- Our boys need a clear understanding of the long-term consequences of rape. Laurie Halse Anderson describes countless teen boys being oblivious to the impact a rape has on a survivor and asking her why rape survivors suffer depression for so long when the rape itself took only minutes. To combat this, our sons need to hear that according to numerous studies cited by RAINN, 94% of women who are raped experience post-traumatic stress disorder (PTSD) during the two weeks following a rape, and 30% of them still experience those symptoms nine months later. Our sons need to understand that 33% of women who are raped contemplate suicide and 13% of them actually attempt it. They need to know that the significant majority of survivors, whether victimized by an intimate partner or a stranger, experience professional or emotional issues, including moderate to severe distress, or increased problems at work or school. They need to hear and understand that rape harms. It destroys lives. In the mind of a survivor, a rape doesn’t just last a few minutes; in many cases it lasts a lifetime.
- Our sons need skills for dealing with rejection. They need to experience and be taught empathy, and to understand others’ feelings. They need to know that no matter what they have done for someone (buy them dinner, helped with their organic chemistry homework) that person owes them nothing, and that no matter how far they’ve explored sexually, their partner has the right to say no at any point. They need to learn to respond to a “no” by saying, “thank you for telling me, I would never want to push you to do something you didn’t want to do.” They need to hear from us that they will be okay if the person they are interested in does not reciprocate that interest—or changes her mind; there is nothing they can do to change that and that is okay. Our boys need to be taught that friendships with women are valuable, and that that friendship should not be viewed as a consolation prize. They need to hear from us that it’s normal for rejection to hurt like hell, but that they will survive it. As Suzanne Degges-White, a professor at Northern Illinois University, says, rejection and all the feelings that go with it needs to be normalized not catastrophized. As parents, we have a powerful role in helping our sons and daughters process and address these feelings in a healthy manner.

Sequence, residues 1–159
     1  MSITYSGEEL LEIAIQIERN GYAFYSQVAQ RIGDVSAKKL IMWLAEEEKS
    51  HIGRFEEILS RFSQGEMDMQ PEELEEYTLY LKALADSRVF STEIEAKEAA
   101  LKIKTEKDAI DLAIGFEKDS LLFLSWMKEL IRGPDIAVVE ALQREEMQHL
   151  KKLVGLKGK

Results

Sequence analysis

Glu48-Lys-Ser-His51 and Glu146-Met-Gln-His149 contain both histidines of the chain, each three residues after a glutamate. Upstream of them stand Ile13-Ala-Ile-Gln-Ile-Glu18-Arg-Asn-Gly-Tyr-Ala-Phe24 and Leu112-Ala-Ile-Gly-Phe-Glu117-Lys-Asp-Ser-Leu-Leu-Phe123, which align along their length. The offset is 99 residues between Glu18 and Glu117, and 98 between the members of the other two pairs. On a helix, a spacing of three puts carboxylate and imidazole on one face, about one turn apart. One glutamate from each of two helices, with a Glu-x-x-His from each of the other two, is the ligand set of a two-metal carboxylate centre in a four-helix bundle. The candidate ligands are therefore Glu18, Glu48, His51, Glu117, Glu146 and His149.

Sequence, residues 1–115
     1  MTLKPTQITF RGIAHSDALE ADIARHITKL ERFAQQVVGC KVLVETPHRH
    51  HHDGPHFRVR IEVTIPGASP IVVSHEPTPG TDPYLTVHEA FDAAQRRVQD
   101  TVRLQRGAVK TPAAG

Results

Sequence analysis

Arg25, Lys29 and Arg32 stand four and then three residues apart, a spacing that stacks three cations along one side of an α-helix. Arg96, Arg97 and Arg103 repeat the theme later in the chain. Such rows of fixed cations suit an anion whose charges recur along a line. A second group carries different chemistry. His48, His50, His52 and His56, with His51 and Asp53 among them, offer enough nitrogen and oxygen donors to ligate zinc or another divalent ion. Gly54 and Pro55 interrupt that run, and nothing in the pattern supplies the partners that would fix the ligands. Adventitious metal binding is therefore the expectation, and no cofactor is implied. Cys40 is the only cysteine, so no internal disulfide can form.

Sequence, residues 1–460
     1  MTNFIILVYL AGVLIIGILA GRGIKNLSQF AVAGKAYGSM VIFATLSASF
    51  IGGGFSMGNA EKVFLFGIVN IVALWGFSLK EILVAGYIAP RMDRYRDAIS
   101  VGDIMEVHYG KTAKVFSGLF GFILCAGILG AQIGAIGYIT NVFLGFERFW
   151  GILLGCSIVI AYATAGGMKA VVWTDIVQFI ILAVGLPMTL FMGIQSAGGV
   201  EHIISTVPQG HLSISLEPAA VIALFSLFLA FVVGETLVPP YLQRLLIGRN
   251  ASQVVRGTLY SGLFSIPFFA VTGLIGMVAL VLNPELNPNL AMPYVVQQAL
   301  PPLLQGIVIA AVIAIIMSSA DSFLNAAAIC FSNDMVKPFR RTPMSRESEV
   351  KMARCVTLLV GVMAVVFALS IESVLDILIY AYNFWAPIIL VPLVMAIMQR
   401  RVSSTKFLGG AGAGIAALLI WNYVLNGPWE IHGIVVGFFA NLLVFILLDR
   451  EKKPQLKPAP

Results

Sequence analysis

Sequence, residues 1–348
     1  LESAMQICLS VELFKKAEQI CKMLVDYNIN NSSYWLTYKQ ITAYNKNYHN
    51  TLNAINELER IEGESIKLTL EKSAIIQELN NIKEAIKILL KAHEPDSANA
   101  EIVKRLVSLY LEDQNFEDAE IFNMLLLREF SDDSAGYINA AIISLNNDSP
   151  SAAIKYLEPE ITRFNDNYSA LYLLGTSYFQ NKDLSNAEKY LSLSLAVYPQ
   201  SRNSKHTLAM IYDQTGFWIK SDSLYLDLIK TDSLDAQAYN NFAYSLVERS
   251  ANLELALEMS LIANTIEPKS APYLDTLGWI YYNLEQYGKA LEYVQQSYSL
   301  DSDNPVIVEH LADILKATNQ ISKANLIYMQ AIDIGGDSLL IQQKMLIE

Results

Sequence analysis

- Finally, our boys need to understand that there may be life-long legal consequences to their actions. Being a “good kid” from a “good family” isn’t enough to protect them from the consequences of their decisions. Every state has a legal definition for consent, as does the federal government; our children need to understand the fundamental concepts codified by these laws. Most, if not all, legal consent definitions establish that a lack of verbal or physical resistance does not constitute consent; and that neither a preexisting relationship nor the manner of dress of the other person constitutes consent. A young man who does not listen to the “no” they’ve been given, takes without asking altogether, or forces himself upon someone may have their name included on one of the online lists being published of campus assailants, have their pictures plastered across the front pages of papers across the country Brock Turner style, face criminal conviction and registration as a sex-offender, and be expelled from school. In this era of #MeToo, survivors (rightfully so) are using their voices more forcefully to let the world know what has happened to them; perpetrators of this kind of violence can no longer count on their victims or the justice system to brush these offenses under the rug.